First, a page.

REVIEW: Vaporum: Lockdown

Not just Grimrock with steam

Released: Steam, GOG
Type: Singleplayer
Genre: RPG
Developer: Fatbot Games
Publisher: Fatbot Games
Release date: 15 Sep, 2020

Back in 2012 a small game called Legend of Grimrock was released, and it was a surprise hit. It brought back a long dead sub-genre of CRPGs, namely the first person tile-based dungeon crawler. After it became clear that there was a market for these kinds of games other developers went to work putting their own spin on the formula, with mixed results. One game really stood out from the pack though, and that was the original Vaporum.

Vaporum: Lockdown is a prequel to the original Vaporum, and takes place in the same massive steampunk tower as the first game, although not in the same part of the tower (it’s so big it can house several games worth of stuff!). You’re playing as Ellie, a scientist who worked in the tower when things went horribly wrong, and now you need to find your way out, while finding off mutated creatures and robots that have gone insane.

Not exactly the welcoming I was hoping for

Story & Setting

Vaproum: Lockdown takes place in the tower of Arx Vaporum, a massive structure built out at sea. In it scientists have been working on a miraculous substance called fumium, which is able to act as a power source, make plants grow faster, turn common animals into huge beasts and so on. There’s hardly any limit to what this substance seem to be able to do.

But as with any substance that promises to revolutionize the world, there were drawbacks. People who are exposed to it started changing, animals grew more aggressive robots started acting erratically.

You’re Ellie Teller, a young scientist who got recruited to work in the Arx Vaporum by a former professor at her university. During an experiment with teleporters something goes horribly wrong. Not with you, or the teleporters, but in the tower. Machines start attacking people and mutated creatures are starting to crawl out of the vents. And now you need to find your way out of there.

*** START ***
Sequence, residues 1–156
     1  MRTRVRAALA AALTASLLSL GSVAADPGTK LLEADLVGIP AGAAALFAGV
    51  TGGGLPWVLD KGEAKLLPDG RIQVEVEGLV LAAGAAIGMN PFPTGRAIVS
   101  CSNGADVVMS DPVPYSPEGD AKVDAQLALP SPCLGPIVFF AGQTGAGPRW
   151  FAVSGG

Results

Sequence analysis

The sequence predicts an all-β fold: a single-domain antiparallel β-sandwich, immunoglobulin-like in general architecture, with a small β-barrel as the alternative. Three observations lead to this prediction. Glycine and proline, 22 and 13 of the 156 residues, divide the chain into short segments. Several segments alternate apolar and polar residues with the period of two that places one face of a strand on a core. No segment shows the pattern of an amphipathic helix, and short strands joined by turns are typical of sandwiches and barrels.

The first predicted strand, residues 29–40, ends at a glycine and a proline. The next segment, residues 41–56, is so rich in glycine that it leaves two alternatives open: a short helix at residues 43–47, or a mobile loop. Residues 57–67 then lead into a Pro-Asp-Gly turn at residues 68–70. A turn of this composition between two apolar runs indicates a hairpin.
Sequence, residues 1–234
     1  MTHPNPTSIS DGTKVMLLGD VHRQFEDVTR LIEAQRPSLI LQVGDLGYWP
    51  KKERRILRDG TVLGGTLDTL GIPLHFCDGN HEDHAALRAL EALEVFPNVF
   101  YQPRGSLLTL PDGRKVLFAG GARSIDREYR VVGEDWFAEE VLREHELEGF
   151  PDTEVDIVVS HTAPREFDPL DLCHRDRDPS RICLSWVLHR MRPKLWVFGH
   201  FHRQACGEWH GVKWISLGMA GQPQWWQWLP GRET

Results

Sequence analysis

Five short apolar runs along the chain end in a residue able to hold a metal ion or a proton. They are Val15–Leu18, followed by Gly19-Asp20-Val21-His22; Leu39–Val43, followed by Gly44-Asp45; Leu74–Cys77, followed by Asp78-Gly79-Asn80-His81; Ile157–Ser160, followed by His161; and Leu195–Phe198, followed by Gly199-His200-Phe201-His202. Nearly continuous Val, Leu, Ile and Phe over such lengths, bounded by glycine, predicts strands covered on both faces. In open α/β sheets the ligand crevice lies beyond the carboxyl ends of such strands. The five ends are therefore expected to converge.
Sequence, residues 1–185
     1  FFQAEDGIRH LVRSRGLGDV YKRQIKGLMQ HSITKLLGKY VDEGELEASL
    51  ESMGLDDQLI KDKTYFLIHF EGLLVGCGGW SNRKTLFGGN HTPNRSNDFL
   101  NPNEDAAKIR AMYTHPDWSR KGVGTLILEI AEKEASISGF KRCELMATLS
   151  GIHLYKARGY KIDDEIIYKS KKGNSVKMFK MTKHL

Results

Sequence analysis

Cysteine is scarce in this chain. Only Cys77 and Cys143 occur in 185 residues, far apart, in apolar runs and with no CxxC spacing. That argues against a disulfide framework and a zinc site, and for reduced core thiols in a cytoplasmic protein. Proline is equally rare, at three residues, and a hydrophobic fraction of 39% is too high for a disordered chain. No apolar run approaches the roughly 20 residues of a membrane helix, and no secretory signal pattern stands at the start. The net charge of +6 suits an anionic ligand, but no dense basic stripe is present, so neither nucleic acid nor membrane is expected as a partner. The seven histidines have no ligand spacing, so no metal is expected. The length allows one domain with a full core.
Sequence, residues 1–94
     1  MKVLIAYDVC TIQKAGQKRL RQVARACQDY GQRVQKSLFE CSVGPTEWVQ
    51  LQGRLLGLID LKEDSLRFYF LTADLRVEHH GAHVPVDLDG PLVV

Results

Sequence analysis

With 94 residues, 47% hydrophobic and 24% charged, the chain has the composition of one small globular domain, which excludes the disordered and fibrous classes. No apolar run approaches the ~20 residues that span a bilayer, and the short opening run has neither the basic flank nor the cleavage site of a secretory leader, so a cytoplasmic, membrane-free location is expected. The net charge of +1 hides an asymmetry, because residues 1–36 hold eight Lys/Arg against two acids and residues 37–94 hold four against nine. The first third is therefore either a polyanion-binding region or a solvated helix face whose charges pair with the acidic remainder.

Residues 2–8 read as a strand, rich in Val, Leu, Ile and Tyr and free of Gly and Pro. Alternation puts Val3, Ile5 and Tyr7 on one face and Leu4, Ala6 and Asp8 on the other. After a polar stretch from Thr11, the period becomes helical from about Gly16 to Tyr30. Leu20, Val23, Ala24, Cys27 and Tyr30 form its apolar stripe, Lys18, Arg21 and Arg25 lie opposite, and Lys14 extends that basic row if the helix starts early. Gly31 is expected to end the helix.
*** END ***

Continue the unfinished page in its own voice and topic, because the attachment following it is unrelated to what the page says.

Like with most dungeon crawlers, the story is not what you’ll be playing the game for, and while the setting itself is interesting, and has a lot of potential, the main story of you being forced to escape is not very exciting. There is a lot of world building done through text and audio logs scattered all over the place though, and they hint at something far grander than just the portion of the tower that you get to see.

This is hopefully your ticket out of here


For a game made by a very small indie studio, Vaporum: Lockdown is darn good looking, and punches well above its weight class with its graphics. A lot of this is owed to the art direction, lightning, and the clever use of effects, and it also helps that you’ll never get too close to anything. The developers very cleverly used slight blurring effects to hide things that would have looked a bit janky, something that’s not noticeable until you look at screenshots from the game.

Vaporum: Lockdown takes place in what’s effectively a big dungeon, and the places you visit are dark and moody. It is surprisingly varied though, despite some areas using similar or the same design. You’ll go from the industrial looking areas with red brick walls, small yellow lights and metal pipes, to the almost clinical looking hydroponics area, with its white tiles and cold white lightning to more living and office-like areas, with wallpapers that look like they’re from the 1930’s. Most areas are sparsely lighted, but it’s never so dark that it’s hard to see what’s going on.

There are a bunch of different enemies populating the world, from small robots, to giant roaches and rats, to humans who have been changed by fumium and larger robots, as well as a few others. The more robotic looking enemies generally look better than the organic ones, and there are some inventive designs for the smaller robotic enemies in particular. Despite their designs not always making a whole lot of sense, they still somehow feel like they fit well into the world.

What a cute little robot!

The games soundscape might not be quite as impressive as its graphics, but it’s still by no means bad. The music has an almost eerie tone to it, that does a good job at building an atmosphere, and there’s also some good ambient sound, particularly in the more industrial areas, where the sound of machinery somehow adds to the oppressive feel of the place.